Ensure you are familiar with the laws applying in your chosen region. Don’t fall into the trap of assuming that what works at home will work everywhere. Instead, examine the general rules of international law, together with local laws, even if you think your requirements aren’t that complex.

Customs and VAT

Any cross-border trade requires an appreciation of customs duty and VAT rules and processes. Keep all evidence of exports; local tax authorities will oversee VAT-free exports to ensure compliance.


International tax strategies that exploit the gaps arising from overlapping non-coordinated national tax systems require specialist knowledge of local taxation systems. This will be even more relevant when dealing with transfer pricing issues between, for example, the headquarter and foreign subsidiaries. In any case, it makes sense to seek advice from local professionals.

In summary, going global can have a transformative effect on a business but only if you’re well-prepared and informed. At the same time, you must not lose sight of your home business and any potential impact that may arise from your international expansion objectives. To succeed globally you need to be sure of your strategy and have a good understanding of the local market trading conditions as well as legal and taxation requirements. When in doubt, seek advice from local experts.


Marketing – reaching the right prospects in the right place

A marketing function is a cost centre when its activities are passive and focused on areas such as image, advertising, and customer communication. But it can be more than this. If your marketing reaches the right prospects in the right place, collaborates with partners to promote different services, and nurtures with valuable content by delivering legitimate messages as an expert provider, you will gain trust. Later, these prospects will approach you when they need what you offer.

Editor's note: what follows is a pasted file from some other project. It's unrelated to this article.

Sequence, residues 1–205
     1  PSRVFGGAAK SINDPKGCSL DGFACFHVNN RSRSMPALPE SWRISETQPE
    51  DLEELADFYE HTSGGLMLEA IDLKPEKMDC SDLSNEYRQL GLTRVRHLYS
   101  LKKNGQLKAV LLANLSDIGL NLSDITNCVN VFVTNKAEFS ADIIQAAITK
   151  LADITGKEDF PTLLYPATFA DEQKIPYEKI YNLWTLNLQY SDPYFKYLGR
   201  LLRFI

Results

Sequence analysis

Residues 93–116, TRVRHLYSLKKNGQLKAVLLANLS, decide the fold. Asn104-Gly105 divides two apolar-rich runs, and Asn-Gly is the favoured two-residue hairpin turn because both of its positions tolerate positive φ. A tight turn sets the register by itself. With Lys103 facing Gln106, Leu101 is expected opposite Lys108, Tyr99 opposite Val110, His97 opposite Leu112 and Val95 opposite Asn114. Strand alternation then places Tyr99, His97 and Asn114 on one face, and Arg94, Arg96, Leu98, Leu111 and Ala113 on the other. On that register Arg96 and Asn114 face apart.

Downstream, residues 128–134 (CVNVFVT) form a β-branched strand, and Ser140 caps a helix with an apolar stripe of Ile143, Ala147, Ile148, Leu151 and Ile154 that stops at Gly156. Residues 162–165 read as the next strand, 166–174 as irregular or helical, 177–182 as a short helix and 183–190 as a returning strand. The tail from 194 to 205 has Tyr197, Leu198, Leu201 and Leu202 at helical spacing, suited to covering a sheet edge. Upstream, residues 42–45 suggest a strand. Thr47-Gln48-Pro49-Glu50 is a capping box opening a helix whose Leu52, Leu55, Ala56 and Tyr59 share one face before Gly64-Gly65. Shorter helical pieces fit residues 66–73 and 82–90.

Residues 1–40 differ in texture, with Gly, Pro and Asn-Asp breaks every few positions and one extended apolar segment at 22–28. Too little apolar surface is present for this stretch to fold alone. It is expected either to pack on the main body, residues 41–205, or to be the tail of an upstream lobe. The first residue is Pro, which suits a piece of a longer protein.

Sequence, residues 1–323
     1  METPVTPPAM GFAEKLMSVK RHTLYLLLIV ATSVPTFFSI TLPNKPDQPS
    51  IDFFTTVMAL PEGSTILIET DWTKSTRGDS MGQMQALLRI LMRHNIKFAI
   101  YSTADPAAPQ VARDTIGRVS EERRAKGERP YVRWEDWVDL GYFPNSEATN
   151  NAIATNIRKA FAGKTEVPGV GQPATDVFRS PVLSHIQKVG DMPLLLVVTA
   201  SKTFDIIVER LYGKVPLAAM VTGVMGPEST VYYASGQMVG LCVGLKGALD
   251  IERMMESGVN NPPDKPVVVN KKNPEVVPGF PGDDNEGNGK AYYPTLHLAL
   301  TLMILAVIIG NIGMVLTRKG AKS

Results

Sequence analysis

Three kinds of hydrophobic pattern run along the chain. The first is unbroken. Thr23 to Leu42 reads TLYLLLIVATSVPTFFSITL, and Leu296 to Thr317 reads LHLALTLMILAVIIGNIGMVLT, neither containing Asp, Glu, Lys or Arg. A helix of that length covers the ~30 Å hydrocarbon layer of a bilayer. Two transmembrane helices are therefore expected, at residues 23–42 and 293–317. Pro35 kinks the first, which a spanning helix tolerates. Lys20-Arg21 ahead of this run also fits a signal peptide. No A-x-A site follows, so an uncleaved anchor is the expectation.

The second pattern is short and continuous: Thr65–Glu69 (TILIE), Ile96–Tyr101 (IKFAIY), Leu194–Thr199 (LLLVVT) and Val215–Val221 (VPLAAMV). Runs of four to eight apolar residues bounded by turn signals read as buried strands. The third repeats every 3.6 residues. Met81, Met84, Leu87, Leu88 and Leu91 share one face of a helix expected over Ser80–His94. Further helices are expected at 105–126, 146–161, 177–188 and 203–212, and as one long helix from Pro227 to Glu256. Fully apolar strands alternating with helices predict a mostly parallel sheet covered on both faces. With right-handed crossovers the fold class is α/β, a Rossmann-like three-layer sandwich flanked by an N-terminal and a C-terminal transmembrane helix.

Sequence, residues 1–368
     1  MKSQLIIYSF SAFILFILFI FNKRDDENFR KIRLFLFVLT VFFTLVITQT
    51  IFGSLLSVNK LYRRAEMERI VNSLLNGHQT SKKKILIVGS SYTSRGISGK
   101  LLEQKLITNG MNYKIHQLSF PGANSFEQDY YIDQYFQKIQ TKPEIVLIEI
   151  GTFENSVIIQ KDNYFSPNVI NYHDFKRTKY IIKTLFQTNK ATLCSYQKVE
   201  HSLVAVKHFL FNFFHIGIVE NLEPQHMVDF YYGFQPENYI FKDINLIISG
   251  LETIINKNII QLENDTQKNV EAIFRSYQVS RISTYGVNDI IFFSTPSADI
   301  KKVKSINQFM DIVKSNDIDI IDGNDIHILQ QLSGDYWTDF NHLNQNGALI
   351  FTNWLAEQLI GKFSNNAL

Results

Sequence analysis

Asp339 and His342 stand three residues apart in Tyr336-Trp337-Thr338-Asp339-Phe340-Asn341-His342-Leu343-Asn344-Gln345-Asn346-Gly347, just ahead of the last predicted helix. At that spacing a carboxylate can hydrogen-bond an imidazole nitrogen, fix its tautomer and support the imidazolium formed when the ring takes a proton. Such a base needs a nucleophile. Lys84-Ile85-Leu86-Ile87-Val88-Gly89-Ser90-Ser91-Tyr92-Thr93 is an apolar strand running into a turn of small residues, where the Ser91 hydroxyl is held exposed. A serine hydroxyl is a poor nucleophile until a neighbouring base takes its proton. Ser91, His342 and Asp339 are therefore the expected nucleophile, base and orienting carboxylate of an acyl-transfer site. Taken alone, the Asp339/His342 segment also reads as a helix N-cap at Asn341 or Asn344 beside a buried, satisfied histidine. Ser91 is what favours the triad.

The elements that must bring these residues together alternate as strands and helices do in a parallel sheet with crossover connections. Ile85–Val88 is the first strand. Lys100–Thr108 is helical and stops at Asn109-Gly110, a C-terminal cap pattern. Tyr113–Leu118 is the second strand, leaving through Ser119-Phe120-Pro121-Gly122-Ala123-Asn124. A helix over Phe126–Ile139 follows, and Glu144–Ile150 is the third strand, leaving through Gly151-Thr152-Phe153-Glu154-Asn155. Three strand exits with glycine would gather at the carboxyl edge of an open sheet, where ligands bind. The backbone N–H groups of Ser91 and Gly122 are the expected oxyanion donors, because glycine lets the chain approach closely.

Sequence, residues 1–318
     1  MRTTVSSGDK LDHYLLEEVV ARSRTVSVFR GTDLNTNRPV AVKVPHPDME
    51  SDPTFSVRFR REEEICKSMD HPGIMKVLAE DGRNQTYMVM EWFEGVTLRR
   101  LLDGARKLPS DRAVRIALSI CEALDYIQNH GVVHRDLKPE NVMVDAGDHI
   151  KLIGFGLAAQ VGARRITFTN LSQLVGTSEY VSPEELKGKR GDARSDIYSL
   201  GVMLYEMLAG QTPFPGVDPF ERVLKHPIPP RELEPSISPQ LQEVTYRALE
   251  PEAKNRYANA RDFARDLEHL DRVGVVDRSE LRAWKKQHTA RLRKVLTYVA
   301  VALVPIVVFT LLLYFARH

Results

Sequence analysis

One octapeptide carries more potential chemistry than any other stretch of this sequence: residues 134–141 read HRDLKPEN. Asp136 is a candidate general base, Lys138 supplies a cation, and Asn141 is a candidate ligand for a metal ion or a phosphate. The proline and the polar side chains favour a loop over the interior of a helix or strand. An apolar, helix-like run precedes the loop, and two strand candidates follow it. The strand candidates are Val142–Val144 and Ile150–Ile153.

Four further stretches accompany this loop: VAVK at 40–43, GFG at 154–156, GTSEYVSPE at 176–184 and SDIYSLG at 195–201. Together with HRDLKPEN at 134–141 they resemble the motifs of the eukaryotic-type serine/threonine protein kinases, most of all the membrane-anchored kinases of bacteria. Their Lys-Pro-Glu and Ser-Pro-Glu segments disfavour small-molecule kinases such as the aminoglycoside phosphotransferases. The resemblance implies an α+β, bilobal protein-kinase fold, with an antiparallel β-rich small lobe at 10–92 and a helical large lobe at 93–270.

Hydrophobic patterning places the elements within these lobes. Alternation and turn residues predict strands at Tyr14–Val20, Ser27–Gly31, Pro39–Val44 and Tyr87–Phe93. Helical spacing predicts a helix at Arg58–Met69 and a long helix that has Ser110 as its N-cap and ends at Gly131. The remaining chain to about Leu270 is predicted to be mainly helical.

You can carry out integrated marketing campaigns using traditional methods such as print, mass media advertising, and PR as well as digital resources.

Modern technology, like customer relationship management systems (CRM) and artificial intelligence (AI), allows you to support more traditional activities with digital campaigns; these include email, social media, webinars, and podcasts.

Depending on the business you’re in, with the right use of technology and a real understanding of your market you can move your marketing function from cost centre to business generator.

Supporting global expansion with artificial intelligence

The latest developments in artificial intelligence (AI) are having a sweeping impact on global business decision-making. Professional firms are playing a key role in helping their clients think and act strategically in a fast-changing technological landscape. The opportunity seems limitless, but at what cost?

One concern is data privacy. When your proprietary data is exposed to a platform such as ChatGPT, should we assume that it’s effectively open-source? Because if your organisation uses AI to analyse client data and develop predictive models or solutions, that exposure could have significant implications.